… And you’re done. Apple Pay will inform you that it’s activating your card with the bank’s permission and voila! You’re all set to tap and pay. I went through the entire process from start to finish in less than five minutes. I already had a card on file with iTunes, so setup for that card was easy. I added a second card just to test the camera scan feature and it worked perfectly. I didn’t have to enter any of my credentials, save the security code, which the camera can’t scan since it’s one the back of the card.

Apple Pay does not support all kinds of cards, though it does support Visa, MasterCard, and American Express. Many loyalty rewards cards and corporate cards don’t work with Apple Pay — yet. For example, our Deputy Editor at DT couldn’t add his old Michigan State University Federal Credit Union card or the company’s Amex corporate card to Apple Pay. Apple says it plans to add more partners and support more card types in the future, but if you use a smaller credit union or bank, it may not yet support the system.

Once your card is in the app, you can tap on the little info button to see the details of each card. You’ll have easy access to the mobile banking app, a fast link to contact your bank in case of a problem, the redacted card and Device Account Number, as well as the privacy policy and an option to remove the card. Your most recent transactions will also be listed.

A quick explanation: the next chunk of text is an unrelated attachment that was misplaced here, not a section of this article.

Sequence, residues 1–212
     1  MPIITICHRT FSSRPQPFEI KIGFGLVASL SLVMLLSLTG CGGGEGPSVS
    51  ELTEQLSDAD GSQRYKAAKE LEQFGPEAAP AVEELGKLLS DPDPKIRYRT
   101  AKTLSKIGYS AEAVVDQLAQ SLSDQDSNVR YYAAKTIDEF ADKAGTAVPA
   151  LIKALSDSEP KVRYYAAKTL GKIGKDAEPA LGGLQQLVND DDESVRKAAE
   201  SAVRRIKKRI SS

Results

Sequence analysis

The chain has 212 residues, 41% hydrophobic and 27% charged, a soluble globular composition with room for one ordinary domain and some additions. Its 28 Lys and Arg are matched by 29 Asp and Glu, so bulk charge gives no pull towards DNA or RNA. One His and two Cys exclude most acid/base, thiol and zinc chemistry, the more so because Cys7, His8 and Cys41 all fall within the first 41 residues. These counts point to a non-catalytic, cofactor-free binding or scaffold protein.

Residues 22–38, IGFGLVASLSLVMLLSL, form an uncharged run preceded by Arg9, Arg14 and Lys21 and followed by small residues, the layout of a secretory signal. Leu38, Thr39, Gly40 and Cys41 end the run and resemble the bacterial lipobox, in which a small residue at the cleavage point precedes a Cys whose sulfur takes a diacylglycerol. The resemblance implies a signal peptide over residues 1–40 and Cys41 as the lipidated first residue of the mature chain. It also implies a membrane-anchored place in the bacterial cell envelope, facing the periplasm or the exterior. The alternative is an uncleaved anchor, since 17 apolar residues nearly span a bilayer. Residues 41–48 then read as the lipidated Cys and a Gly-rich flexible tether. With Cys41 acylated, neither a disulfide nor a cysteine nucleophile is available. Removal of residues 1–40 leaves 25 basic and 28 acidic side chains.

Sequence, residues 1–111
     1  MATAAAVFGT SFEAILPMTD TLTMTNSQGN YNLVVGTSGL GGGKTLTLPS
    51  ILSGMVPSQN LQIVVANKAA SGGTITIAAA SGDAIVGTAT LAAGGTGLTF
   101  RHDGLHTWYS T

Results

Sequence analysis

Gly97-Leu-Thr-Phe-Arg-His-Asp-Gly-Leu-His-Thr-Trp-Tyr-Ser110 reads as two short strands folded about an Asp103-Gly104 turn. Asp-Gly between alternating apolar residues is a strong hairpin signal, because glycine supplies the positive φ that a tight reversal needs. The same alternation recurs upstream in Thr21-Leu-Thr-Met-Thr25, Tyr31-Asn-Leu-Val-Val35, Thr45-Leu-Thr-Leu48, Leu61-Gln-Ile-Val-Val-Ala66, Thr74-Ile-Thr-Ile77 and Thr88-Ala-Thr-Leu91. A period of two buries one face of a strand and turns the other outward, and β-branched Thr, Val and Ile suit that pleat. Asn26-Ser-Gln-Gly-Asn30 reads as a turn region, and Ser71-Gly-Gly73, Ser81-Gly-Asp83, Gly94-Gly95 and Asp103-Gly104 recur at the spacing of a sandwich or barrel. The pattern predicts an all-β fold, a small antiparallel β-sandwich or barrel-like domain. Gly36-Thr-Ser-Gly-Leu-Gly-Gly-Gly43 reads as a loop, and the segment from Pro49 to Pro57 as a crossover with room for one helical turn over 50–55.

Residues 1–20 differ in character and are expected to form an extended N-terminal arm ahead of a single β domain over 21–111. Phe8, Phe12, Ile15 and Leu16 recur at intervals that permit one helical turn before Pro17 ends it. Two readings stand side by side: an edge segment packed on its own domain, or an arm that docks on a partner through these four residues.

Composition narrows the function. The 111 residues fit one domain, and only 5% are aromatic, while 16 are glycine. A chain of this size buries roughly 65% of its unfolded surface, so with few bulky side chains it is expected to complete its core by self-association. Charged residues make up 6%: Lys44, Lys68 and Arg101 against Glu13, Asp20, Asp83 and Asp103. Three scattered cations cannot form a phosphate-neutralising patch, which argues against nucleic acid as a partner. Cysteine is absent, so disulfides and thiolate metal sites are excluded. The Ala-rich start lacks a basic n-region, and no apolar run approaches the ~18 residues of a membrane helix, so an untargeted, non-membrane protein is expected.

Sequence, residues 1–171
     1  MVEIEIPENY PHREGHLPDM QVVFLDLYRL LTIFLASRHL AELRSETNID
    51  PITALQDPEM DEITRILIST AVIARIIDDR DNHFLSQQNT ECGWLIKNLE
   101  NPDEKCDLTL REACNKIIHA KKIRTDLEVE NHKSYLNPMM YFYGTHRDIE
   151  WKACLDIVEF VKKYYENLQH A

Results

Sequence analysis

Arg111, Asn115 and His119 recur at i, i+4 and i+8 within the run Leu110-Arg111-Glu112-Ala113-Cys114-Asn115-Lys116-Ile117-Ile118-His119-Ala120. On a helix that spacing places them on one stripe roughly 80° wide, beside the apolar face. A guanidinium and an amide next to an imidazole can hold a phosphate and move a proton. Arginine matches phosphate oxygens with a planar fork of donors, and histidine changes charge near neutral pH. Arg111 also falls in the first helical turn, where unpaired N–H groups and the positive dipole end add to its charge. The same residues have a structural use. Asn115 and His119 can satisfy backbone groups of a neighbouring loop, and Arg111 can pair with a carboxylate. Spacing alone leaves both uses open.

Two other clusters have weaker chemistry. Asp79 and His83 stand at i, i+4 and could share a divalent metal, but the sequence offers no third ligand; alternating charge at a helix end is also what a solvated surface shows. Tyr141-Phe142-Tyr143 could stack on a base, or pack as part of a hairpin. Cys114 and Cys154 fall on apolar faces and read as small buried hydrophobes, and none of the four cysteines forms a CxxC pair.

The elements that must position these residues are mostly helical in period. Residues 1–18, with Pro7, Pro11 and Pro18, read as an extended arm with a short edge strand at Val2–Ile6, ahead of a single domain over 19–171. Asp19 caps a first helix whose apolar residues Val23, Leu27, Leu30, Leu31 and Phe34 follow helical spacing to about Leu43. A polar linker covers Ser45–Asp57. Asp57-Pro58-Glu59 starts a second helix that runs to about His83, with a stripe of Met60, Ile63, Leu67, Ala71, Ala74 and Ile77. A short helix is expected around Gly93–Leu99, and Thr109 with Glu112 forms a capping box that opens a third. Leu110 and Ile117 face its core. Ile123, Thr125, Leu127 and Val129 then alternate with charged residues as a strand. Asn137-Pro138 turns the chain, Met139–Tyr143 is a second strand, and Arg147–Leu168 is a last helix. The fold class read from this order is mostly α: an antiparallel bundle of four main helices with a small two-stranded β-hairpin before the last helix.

Next page: Tap to pay works as well as advertised

Tap to pay is as fast and easy as advertised

Most mobile wallets face the same problem: They are just way to difficult to use. Many require you to wake your phone, open the app, select the card and then, finally tap to pay. After you tap, you then have to enter a PIN — just as you would with a normal credit card. For a mobile payment system to become popular, it also has to be easy to use and more importantly, faster than paying with your credit card.

My first experience with Apple Pay was nearly flawless. After waiting in line at Panera Bread for a few minutes, I approached the cashier, made my order, and got ready to use Apple Pay. The cashier told me my total and I held my phone above the payment pad. The Passbook app opened immediately and prompted me to place my fingerprint on the Touch ID sensor. I did so and as soon as my fingerprint was recognized, a check mark appeared in the fingerprint circle, telling me that I had finished paying. The system beeped, and the cashier handed me my receipt.